Environmental & Health Assessment Lab
Sae Yun Kwon (Division of Environmental Science and Engineering)
The lab under the Division of Environmental Science and Engineering, POSTECH, located in Pohang City, Korea, is a place of much convivial comradery, and yet can be in the very next moment, the site of extreme and studious concentration. Imagine a researcher smiling and chatting about with his colleagues suddenly change his expression to one of seriousness. The researcher holds up a knife and slits the underside of a fish. This fish, caught in the Hyeongsan River in Pohang, is sliced open as the researcher begins to probe for clues deep inside its belly. In this case, a ‘scientific environmental forensic’ was initiated to discover the source of mercury pollution in this local river.
The Environmental & Health Assessment Lab (EHA Lab) directed by Professor Sae Yun Kwon at the Division of Environmental Science and Engineering, POSTECH, carries out scientific investigations to pinpoint sources of pollution in the environment and ecosystem, specifically pertaining to the circumstantial evidence of when, how and to what extent pollution has been released. The Lab also leverages investigation outcomes to predict the impact of climate change or environmental policies on how pollution actually appears within the landscape. Essentially, the Lab is equipped with all-encompassing analytical capabilities to look into the past (cause), the present (phenomena) and the future (forecast).
The EHA Lab engages in the entire spectrum of scientific environmental forensics. Notably, researchers at the Lab are delving into the details pertaining mercury that disrupts the human central nervous system. Mercury was singled out as one of the top 10 pollutants by the World Health Organization due to the intensity of its toxicity and its extremely persistent tendency to linger on in the environment. The primary mode of environmental discharge of this heavy metal includes such anthropogenic activities as coal-fired power generation, waste incineration and cement manufacturing. Once mercury is discharged into the environment, it can never be dissolved, is much more volatile than other heavy metals and can even atmospherically drift into polar regions. Mercury accumulates in the body mainly through the consumption of fish.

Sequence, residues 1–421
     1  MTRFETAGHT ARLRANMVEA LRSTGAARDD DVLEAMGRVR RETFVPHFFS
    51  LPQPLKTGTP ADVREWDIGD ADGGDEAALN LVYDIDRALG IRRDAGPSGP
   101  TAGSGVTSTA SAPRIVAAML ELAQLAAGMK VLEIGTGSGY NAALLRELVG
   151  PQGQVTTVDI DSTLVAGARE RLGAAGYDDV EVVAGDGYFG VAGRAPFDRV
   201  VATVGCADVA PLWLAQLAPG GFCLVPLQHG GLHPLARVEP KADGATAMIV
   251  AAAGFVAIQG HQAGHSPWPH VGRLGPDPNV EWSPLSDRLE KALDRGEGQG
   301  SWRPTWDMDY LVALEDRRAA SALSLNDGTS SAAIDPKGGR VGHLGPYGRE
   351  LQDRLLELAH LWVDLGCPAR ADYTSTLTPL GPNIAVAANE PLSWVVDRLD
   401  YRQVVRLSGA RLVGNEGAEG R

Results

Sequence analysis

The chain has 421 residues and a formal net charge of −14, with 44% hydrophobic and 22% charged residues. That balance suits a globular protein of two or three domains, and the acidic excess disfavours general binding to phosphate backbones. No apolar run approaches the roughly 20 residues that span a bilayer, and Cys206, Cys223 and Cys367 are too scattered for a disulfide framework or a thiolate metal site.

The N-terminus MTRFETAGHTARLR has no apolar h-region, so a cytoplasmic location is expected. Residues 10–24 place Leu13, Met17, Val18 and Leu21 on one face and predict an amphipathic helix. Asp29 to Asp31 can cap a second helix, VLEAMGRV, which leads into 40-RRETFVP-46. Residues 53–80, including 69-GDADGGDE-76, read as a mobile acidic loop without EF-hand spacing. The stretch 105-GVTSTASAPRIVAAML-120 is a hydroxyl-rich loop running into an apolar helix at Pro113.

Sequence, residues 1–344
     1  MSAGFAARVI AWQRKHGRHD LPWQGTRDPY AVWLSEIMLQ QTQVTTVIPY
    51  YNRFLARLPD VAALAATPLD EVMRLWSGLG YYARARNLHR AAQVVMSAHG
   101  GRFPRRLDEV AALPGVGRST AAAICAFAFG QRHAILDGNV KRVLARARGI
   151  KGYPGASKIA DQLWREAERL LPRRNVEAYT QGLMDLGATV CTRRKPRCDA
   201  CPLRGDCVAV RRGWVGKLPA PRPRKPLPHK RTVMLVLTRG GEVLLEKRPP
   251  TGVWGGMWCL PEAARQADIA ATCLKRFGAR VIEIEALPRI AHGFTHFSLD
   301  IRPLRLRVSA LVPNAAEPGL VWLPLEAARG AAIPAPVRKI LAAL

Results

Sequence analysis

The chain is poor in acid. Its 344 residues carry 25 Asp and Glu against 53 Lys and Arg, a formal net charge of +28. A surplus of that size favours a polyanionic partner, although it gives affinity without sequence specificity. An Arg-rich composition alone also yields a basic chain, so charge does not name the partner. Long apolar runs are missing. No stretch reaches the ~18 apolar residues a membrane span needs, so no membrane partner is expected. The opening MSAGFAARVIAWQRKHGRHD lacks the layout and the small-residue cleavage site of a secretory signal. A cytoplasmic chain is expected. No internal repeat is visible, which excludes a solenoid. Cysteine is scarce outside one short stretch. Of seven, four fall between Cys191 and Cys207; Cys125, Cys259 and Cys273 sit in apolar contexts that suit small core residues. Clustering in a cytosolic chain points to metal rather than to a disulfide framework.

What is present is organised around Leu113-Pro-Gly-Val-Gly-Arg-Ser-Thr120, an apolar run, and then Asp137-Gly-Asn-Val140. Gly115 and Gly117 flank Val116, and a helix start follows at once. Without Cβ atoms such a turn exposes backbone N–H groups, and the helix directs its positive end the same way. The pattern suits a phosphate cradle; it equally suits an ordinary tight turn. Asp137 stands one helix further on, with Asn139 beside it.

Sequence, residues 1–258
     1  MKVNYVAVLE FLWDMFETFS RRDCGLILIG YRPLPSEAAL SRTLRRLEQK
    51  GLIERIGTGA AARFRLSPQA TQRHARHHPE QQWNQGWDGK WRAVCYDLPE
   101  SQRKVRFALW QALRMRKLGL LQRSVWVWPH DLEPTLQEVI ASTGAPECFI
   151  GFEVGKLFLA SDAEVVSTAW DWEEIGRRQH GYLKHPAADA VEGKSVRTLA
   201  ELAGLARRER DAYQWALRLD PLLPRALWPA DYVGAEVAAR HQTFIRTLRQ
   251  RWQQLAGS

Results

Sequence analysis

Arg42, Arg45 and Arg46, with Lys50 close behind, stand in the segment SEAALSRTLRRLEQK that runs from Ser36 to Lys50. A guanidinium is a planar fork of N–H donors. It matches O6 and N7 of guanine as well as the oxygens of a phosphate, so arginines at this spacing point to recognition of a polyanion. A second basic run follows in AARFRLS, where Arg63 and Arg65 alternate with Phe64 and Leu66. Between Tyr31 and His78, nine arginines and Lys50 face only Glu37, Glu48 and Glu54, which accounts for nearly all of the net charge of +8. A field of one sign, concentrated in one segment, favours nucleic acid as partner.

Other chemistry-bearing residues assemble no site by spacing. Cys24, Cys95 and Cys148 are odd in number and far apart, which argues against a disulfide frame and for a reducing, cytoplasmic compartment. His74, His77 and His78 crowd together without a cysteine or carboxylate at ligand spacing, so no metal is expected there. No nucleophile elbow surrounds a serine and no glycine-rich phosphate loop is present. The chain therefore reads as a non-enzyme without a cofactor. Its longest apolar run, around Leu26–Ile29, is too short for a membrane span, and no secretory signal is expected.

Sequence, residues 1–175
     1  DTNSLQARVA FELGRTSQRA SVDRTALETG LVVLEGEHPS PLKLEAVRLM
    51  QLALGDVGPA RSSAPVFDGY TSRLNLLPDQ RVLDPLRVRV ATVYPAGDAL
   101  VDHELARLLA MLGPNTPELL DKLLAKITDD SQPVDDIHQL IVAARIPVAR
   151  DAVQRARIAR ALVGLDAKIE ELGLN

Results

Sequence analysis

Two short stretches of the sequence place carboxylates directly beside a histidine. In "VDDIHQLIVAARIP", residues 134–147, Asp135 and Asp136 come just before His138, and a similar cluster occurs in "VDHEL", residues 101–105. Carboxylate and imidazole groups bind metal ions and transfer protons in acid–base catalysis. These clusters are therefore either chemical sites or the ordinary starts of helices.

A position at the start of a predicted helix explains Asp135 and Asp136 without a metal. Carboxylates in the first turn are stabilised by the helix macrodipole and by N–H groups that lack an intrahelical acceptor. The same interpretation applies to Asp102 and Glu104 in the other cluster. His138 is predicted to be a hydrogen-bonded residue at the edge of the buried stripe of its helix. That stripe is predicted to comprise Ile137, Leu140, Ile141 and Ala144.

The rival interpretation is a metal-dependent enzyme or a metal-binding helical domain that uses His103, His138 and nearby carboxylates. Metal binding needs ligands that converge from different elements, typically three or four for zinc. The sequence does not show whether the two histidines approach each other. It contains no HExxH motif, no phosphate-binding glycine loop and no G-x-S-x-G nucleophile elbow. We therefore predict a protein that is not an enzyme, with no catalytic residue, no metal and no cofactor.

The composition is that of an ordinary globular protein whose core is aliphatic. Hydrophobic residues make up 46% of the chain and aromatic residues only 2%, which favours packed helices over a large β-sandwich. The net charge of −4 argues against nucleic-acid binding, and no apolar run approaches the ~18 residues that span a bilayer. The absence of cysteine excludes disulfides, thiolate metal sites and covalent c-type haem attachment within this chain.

Pohang City commissioned the EHA Lab to look into mercury-induced pollution as its first-ever scientific environmental investigation. This project analyzes the mercury accumulated within the fish of Hyeongsan River and traces the type of businesses that discharge mercury into the environment. The main forensics tool here is to study the fish samples for their ‘mercury stable isotope ratios’. Mercury has seven stable isotopes, and their ratios differ depending on their origin. Such differences can enable researchers to track down the origin of mercury and the source of its pollution. In addition, the Lab uses numerical modeling to forecast the future of mercury.
The EHA Lab has built big data on mercury stable isotopes from the data it has accumulated over the years. Such big data have been adopted as the major sources used to assess the progress made under the Minamata Convention on Mercury adopted back in 2017 to impose general regulations on mercury-consuming/discharging industries, their manufacturing processes and products. The mercury big data produced by the Lab will soon be officially registered on the UN website and made available all around the globe.
The EHA Lab plans to go one step further in developing mercury pollution indicators based on the mercury stable isotope ratios calculated within the flesh of fish, with the belief that these indicators may fulfill an important role in easily identifying the sources of mercury pollution within the environment that so adversely impact human health. “For us to develop such indicators, we first need to conduct biological research to understand how mercury stable isotopes change within the body of organisms through the biological metabolic process”, Professor Kwon commented, adding “We will engage in any research that is genuinely engaging, novel and creative that contributes to scientific environmental forensics”.
Head of Lab
School of Environmental Science and Engineering Building 106